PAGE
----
Dec/Jan 2009Vol. 9, No. 10Comparing Outcomes for Children in Kinship and Foster Care
A recent study of permanency, safety, and stability outcomes for children in out-of-home care concluded that children placed in kinship care fare as well as or better than children in foster care. Outcome data were collected from 12 Colorado counties that strongly value kinship care as an out-of-home placement option. After controlling for variables, researchers studied 318 matched pairs of children in kinship care or foster care who spent more than 60 days in out-of-home care.
The children in kinship care experienced fewer placements and were seven times more likely to achieve permanency through guardianship. In contrast, children in foster care were 10 times more likely to have a new allegation of institutional abuse or neglect, 6 times more likely to be involved with the juvenile justice system, and 2 times more likely to be reunified with their biological parents. An exploratory comparison of paid and unpaid kinship care providers also revealed that outcomes for children in these placements were comparable, suggesting that kinship placement may be a more cost-effective option.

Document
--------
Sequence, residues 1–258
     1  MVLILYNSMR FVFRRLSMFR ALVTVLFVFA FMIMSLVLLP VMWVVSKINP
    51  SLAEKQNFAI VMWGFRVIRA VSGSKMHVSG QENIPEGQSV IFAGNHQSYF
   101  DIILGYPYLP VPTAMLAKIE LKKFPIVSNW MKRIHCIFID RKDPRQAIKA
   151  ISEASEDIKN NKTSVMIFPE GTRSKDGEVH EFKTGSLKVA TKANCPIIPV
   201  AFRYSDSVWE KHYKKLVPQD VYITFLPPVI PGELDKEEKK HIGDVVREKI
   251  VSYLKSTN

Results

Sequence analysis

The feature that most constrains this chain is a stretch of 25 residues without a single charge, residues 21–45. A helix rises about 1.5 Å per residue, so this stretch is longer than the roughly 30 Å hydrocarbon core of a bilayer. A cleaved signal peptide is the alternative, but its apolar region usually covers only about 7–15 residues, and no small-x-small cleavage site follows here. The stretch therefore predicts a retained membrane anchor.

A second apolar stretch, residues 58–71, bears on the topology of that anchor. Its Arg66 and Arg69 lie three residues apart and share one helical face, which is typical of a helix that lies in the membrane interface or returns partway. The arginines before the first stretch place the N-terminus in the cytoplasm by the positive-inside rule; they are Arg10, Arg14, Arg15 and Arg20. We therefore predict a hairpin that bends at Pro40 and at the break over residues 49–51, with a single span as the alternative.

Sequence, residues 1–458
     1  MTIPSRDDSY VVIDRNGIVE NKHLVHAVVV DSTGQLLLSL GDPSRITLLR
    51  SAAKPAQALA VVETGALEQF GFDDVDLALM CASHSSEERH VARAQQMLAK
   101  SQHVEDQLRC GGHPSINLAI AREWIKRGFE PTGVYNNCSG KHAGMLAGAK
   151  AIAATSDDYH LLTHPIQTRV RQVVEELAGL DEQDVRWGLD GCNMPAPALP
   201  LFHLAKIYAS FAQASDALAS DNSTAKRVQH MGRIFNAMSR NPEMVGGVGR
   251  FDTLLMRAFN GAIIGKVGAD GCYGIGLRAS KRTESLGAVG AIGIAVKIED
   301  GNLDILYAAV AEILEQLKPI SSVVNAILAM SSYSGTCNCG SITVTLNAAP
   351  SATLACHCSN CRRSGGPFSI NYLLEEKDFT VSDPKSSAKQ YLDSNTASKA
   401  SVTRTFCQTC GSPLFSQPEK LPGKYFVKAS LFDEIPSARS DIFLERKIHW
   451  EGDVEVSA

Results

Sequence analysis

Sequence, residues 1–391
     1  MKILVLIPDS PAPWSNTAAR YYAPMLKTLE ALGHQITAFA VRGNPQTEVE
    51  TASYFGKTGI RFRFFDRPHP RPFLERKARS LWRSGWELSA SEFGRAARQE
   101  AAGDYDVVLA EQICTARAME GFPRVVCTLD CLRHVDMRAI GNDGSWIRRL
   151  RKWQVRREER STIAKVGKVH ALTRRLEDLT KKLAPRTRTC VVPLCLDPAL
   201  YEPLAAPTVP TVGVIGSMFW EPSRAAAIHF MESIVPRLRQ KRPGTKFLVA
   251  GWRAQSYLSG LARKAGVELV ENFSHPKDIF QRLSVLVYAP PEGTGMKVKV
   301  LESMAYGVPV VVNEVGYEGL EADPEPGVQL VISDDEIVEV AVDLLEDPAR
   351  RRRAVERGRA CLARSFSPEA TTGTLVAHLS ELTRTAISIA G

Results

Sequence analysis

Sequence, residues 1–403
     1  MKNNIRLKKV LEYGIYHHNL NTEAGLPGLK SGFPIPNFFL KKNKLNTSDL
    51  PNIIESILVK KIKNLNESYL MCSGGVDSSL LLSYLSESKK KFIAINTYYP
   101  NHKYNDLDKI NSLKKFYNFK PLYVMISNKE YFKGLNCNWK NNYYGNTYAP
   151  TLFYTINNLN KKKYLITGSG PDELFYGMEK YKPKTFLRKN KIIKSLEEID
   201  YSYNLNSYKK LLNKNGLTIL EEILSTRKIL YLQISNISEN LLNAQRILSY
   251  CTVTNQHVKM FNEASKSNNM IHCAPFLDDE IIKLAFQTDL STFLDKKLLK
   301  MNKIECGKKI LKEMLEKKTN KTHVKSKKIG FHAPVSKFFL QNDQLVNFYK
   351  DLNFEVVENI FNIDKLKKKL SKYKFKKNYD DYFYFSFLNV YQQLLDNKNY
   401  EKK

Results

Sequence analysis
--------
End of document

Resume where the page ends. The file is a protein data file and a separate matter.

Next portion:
The authors caution that these findings do not support the adoption of a blanket policy increasing the use of kinship care. Placement decisions should still take into consideration the needs of the child and an assessment of the kin caregiver. However, the authors call for a greater commitment by child welfare professionals, policymakers, and researchers to make kinship care a more viable out-of-home placement option for children and families.
"Matched Comparison of Children in Kinship Care and Foster Care on Child Welfare Outcomes," by Marc A. Winokur, Graig A. Crawford, Ralph C. Longobardi, and Deborah P. Valentine, was published in Families in Society: The Journal of Contemporary Social Services, Vol. 89(3), and is available online:
To read more about kinship foster care, see "Effective Foster Parent Training for Kinship Caregivers" in this issue.